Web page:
Using information sources in a systematic and structured manner will save you a good deal of time. Developing a search strategy is vital as it provides you with an overall structure for your search and provides a record of your search history. This is an extremely useful record to have as you find yourself needing to refine or change the focus of your searching as your research develops. It can also improve the relevancy of results obtained as you have thought about keywords and synonyms and how these relate to each other.
Start by expressing your information need in words. Give your topic a working title and write an abstract. This will assist you in thinking about what you need and determining terms to be used later. You may need to consult dictionaries or encyclopedia to clarify the topic.
From the title and abstract of your topic it is possible to identify various concepts and keywords. A concept map / mind map is a useful way to plot ideas.
Title: Attitudes and levels of knowledge of Hepatitis B in Aboriginal women
At this stage you need to identify synonyms for the keywords and concepts you have previously developed. You should choose words that uniquely describe the topic, and you should also list words and concepts you do not want included. You may also need to think about the discipline area and database(s) you will be searching, as there may be a subject specific or database-specific thesaurus that will help you further identify keywords. One way of listing keywords and alternate terms is in a table.
Title: The impact of humans on the Great Barrier Reef
Description: Identify examples of activities by humans and discuss the effect on the reef.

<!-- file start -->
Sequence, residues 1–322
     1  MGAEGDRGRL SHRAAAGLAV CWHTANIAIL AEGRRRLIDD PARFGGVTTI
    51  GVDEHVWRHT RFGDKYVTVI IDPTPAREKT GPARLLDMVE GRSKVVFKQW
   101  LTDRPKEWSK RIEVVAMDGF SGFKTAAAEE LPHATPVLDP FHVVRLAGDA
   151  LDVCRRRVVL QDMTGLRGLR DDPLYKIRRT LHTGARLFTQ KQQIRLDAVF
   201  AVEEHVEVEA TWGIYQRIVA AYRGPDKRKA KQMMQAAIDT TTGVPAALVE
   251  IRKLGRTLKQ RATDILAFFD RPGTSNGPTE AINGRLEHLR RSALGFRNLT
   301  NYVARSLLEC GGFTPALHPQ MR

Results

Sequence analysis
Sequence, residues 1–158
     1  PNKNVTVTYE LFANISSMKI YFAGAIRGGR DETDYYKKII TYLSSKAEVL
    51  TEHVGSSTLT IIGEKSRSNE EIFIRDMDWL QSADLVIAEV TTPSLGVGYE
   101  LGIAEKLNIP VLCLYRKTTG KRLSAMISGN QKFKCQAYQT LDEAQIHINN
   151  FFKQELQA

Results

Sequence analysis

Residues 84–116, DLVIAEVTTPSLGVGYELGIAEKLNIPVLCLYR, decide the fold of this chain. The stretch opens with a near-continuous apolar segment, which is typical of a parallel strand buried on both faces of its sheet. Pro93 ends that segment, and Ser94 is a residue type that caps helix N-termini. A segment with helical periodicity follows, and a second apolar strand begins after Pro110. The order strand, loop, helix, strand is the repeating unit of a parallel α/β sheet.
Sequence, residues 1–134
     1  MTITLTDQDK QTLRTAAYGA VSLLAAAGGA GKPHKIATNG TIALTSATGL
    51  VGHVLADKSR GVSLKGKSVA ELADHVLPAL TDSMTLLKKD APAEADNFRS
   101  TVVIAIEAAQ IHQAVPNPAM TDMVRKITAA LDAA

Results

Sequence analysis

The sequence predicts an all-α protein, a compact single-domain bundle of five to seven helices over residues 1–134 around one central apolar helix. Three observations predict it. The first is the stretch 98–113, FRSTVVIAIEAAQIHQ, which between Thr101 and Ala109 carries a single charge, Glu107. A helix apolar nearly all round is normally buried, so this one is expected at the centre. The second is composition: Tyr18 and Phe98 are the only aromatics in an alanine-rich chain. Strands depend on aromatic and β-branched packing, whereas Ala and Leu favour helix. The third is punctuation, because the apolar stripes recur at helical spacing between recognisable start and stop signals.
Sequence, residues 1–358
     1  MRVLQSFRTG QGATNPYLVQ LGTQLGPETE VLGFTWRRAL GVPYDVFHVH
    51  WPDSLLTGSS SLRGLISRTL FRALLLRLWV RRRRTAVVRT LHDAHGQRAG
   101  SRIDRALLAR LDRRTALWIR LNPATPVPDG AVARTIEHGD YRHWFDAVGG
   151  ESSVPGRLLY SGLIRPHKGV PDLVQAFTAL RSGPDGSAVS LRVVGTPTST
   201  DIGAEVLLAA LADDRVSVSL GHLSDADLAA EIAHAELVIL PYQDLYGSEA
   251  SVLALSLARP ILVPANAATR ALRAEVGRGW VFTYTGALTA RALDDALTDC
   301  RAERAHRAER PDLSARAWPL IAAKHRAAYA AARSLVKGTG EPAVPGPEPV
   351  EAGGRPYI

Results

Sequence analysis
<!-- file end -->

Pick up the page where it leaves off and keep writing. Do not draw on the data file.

|impact||humans||Great Barrier Reef||activities|
|climate change||tourists||water temperature||tourism|
The sources you select will be determined by the requirements of the breath the literature review covers. No matter how carefully you have thought out your keywords you will only retrieve relevant material if you are using an appropriate source. CQUniversity Library has a range of LibGuides and list of Databases by subject to help identify appropriate sources. It is also important that you ascertain the scope (content, years covered) of each source and learn the features (eg. is truncation used? is boolean logic supported? etc). The help screens on each information source and the advanced searching tips will allow for more accurate searching.
As sources are retrieved, look at each one closely. Read the abstract, introduction and conclusion to determine whether the work is relevant to your topic. The steps below will guide you in assessing the scope, integrity and standing of the relevant sources.
As sources are selected to be used in your literature review, use the steps below as a guide to critically analyse the content.
Keep reviewing your search strategy. Too few, too many or irrelevant results means that you need to consider breaking your search into smaller batches; using narrower or broader search terms; or combining your search terms in a different way. Be comphrehensive and look for different types of sources.
It may be helpful to keep a list of keywords, search strategies and techniques along the way. Also keep a list of those that didn’t work. By adding a date to all your searching activity you will be prompted when searches need updating.